|The number of disordered eating cases in adolescent athletes and the female participation in sports that require body exposure and emphasize agility, beauty and leanness of movements, such as dancing, gymnastics, long-distance running and also tennis, have increased in recent years. Disordered eating can lead to serious health complications such as menstrual irregularities and bone demineralization, featuring the Female Athlete Triad. Therefore, to identify vulnerable groups and the best way to track them, it became extremely necessary to describe and confront recent data on the presence of disordered eating and its complications, covering energy availability and Female Athlete Triad spectrum, in young female athletes and control subjects. (Gabriela Morgado de Oliveira Coelho, Female athlete triad-disordered eating and its complications in female athletes: An update).
Open access to the scientific literature means the removal of barriers (including price barriers) from accessing scholarly work. There are two parallel âroadsâ towards open access: Open Access articles and self-archiving. Open Access articles are immediately, freely available on their Web site, a model mostly funded by charges paid by the author (usually through a research grant). The alternative for a researcher is âself-archivingâ (i.e., to publish in a traditional journal, where only subscribers have immediate access, but to make the article available on their personal and/or institutional Web sites (including so-called repositories or archives)), which is a practice allowed by many scholarly journals.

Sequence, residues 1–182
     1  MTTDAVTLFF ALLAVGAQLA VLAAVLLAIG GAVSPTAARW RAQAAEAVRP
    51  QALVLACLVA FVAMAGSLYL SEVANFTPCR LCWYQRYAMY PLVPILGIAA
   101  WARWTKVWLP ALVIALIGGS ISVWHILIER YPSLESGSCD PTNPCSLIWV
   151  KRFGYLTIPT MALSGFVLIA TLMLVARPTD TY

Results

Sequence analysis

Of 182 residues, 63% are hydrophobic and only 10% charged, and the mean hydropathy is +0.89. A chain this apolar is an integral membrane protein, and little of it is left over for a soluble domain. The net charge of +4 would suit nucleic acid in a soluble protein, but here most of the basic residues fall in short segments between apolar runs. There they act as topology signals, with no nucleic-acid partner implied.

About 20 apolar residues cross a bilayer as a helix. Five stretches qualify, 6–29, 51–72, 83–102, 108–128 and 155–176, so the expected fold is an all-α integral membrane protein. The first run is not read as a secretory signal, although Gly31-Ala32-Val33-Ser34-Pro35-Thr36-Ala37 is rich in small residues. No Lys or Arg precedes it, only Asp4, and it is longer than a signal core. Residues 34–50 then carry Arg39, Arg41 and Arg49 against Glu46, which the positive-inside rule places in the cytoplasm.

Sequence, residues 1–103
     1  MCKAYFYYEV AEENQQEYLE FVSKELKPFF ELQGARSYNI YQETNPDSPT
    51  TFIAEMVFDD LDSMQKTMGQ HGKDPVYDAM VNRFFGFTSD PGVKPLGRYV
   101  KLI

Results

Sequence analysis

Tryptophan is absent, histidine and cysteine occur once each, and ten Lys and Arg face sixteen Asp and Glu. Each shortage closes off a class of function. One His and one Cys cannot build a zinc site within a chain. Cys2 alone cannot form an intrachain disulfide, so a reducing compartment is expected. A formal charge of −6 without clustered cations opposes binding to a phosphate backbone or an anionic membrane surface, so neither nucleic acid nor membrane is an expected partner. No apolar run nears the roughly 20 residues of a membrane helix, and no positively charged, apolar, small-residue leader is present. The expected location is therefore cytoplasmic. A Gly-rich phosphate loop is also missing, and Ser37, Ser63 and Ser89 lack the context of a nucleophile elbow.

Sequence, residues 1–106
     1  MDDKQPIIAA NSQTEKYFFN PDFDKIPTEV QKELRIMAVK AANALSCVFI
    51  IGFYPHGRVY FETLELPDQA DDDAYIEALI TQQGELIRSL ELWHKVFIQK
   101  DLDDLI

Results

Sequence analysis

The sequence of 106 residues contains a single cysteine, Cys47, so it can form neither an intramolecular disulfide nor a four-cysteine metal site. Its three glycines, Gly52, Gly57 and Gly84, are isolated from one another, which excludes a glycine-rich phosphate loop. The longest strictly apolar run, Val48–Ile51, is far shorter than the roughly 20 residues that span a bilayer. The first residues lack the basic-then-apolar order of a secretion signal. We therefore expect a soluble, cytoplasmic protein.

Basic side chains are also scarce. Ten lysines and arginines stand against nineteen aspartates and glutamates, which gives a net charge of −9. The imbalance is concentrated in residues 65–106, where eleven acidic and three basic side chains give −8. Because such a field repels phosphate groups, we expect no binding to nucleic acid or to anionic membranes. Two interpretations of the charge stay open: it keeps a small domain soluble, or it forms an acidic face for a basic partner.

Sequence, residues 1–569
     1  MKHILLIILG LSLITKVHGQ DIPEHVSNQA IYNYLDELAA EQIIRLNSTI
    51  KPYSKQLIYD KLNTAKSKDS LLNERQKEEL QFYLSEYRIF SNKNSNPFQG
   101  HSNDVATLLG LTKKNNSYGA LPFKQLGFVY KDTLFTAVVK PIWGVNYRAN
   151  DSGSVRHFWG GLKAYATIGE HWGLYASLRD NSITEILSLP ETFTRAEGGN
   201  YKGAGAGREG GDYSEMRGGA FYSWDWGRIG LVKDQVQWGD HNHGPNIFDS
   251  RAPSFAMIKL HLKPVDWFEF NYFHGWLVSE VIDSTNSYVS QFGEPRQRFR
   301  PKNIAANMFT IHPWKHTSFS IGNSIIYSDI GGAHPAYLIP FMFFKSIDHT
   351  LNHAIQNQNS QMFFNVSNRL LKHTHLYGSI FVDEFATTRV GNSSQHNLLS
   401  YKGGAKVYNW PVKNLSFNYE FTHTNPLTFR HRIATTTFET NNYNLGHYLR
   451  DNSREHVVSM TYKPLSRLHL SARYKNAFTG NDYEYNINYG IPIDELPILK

Open Access raises practical and policy questions for scholars, publishers, funders, and policymakers alike, including what the return on investment is when paying an article processing fee to publish in an Open Access articles, or whether investments into institutional repositories should be made and whether self-archiving should be made mandatory, as contemplated by some funders.